On October 20, Mike Todd, MD, performed a comprehensive physical evaluation.  Herb, who was scheduled to be discharged the next day, reported feeling stronger and ready to go home.  He denied any adverse heart-related symptoms or shortness of breath.  His congestive heart failure and atrial fib were clinically compensated and felt to be most likely at baseline.  Lower extremity edema was limited to 1+ at the ankles only.  A dramatic improvement in Herb’s level of deconditioning was noted due to the intensive rehabilitation therapies and Herb’s determined efforts to get better.  Dr. Todd concluded that Herb had reached his maximal rehabilitation potential and was clinically stable for discharge.

Herb finally made it home against all odds, as Jennifer notes: “The staff at the nursing home believed he would never be able to go home, and he surprised them as well, because he is living at home now.  However, this could not happen without someone living there with him.”

Elaine lives the reality of Herb’s condition:

Being a full time caregiver takes time and energy.  There are appointments, more than usual than in the past, with doctors, dentists, and the Fit Club at Life Care Center to travel to and attend.  Additionally, Herb must now ambulate with a walker, which complicates leaving the house further – loading and unloading the walker, plus managing his portable oxygen (which he did have prior to the Listeria).  We have a tri-level home, so there is a walker at the top of the stairs (bedroom area) and one on the main level.  We also have handrails on both sides of the stairs.  He can no longer be left alone for long periods of time and he cannot be unattended when at doctor’s appointments, physical therapy appointments, etc.  On January 12, 2012, he turned the wrong way leaving the Fit Club class and it took staff members 45 minutes to find him.  While he did have some memory problems prior to the Listeria, they have become worse. He is dependent on me for many things – getting clothing out, telling him when he needs a bath/shower, and meal preparation….daily simple tasks.

Herb’s follow-up medical care to his death:

On October 24, Herb’s CBC showed very mild anemia, and a normal platelet count.  His BUN was elevated at 42 (NR: 8-27) and his liver and renal studies were normal.  Serum electrolytes and GFR were also within the normal range.

Herb followed at the anticoagulation clinic at South Denver Cardiology Associates from November11, 2011 to April 2, 2012 for INR monitoring.  Adjustments were made in Warfarin dose by his cardiologist, Dr. Richard Maithe, to maintain INRs within the therapeutic range to prevent embolic and thrombotic events.

On February 10, 2012, Daniel Kitei, MD evaluated Herb for memory loss, using the Mini mental status exam (MMSE), on which Herb scored of 17/30, consistent with moderate dementia.  A motor exam was normal for muscle bulk and tone, with no evidence of atrophy or fasciculation.  Manual muscle testing demonstrated 5/5 strength including proximal and distal muscles of the arms and legs.  Dr. Kitei’s assessment was memory loss, secondary to cognitive impairment.  Herb was instructed to continue Aricept and return for follow up in one year.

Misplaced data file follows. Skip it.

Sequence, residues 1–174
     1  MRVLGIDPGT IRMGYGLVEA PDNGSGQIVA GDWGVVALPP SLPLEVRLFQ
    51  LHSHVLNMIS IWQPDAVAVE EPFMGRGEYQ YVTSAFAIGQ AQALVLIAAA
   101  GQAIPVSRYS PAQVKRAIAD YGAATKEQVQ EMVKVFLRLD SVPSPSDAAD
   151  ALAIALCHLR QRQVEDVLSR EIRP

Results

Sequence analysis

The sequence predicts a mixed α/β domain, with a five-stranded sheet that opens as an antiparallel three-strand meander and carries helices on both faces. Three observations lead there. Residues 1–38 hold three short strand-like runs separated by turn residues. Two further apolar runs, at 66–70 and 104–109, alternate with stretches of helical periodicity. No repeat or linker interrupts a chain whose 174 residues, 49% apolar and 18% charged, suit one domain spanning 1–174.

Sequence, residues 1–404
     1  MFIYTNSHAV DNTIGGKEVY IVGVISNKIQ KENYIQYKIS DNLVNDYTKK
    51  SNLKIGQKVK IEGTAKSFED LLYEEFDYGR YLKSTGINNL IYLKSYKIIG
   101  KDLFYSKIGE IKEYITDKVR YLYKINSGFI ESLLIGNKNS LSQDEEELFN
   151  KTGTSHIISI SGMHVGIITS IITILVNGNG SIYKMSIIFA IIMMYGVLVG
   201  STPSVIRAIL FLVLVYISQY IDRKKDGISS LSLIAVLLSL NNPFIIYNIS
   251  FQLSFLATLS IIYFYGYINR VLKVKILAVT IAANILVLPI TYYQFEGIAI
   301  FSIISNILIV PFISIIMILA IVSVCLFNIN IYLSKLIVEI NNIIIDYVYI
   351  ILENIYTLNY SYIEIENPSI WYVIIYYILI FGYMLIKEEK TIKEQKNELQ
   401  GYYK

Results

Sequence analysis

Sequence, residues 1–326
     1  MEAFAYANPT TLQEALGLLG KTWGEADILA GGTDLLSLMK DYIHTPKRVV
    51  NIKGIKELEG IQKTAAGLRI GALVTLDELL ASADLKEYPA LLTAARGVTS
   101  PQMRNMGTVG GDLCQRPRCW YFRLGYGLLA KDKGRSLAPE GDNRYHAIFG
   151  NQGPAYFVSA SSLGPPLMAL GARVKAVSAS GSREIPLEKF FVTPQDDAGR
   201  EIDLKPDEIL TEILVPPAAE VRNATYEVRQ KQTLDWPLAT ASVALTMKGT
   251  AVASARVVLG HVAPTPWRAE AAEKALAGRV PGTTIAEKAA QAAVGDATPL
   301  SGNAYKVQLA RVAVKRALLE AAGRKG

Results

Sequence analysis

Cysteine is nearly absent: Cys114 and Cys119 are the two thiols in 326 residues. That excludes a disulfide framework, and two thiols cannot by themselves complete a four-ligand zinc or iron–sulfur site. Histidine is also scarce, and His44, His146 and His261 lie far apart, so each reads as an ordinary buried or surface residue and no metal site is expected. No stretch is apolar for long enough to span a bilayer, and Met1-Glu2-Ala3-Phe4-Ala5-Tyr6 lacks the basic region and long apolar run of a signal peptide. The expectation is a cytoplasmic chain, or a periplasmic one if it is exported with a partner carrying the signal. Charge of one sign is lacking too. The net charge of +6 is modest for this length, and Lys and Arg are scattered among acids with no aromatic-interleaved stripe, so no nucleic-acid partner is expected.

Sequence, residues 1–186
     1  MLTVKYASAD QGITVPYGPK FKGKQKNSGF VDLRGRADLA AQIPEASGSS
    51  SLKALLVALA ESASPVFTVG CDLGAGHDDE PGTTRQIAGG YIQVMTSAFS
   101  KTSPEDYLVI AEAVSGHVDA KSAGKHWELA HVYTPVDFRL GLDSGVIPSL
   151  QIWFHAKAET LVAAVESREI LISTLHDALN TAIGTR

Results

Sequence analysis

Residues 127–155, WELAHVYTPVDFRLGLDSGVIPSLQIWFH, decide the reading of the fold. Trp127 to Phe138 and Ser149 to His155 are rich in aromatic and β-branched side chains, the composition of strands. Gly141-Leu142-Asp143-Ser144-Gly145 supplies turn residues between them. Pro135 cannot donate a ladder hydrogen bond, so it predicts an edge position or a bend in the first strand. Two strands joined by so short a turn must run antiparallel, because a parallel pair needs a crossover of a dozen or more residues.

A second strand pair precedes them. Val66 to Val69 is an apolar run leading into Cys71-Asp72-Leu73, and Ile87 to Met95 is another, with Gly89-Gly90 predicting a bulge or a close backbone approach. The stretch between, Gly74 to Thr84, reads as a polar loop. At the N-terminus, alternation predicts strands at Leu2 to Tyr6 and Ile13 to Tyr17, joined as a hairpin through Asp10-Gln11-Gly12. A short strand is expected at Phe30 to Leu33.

Jennifer Exley offers a matter of fact assessment of what Herb’s listeriosis has done to him and the family:

As I look back over the past several months, I realize now that my dad, Herb Stevens, will no longer be the same as he was prior to eating cantaloupe and being diagnosed with listeriosis.  Prior to August 24, 2011, the date of his initial hospitalization, my dad was fairly independent.  The only thing my mom provided for him was transportation, medication management and preparing more complex meals.  His recent memory was not great, because he has dementia, so he would also need prompting and verbal cues to “jog” his memory from time to time on such things as what the schedule was for the day.  His remote memory was intact and stories of his childhood, his days in the army and his work history could still be told.  Before the listeriosis, my father walked independent of any aids.

Now, 7 months post the listeriosis diagnosis, my father is dependent on my mom for many more things.  He now ambulates with a walker, because of balance issues, can only be left alone for short periods of time, has to be told when to take a shower and basically given direction/supervision on a 24/7 basis.  He could not live independent of my mother or another person, and if not for my mother, would have to be in a nursing home.

The listeria has affected our entire family.  My mother is totally exhausted from being a caregiver, not a spouse, but a caregiver.  She has taken on the responsibility for both of them, the house, the dog, paying the bills, etc.  Friends have commented to me on how frail she appears now, and I would concur with them.  For us, (my sister and her family and my family), many more trips to my parent’s house are needed to assist with my father’s care needs, assist my mother, and to provide house maintenance chores.

His daughter Jeni emailed me this morning about Herb’s passing.  As she said:

His health has slowly been declining since the Listeria and his quality of life not so great.  He is now at peace.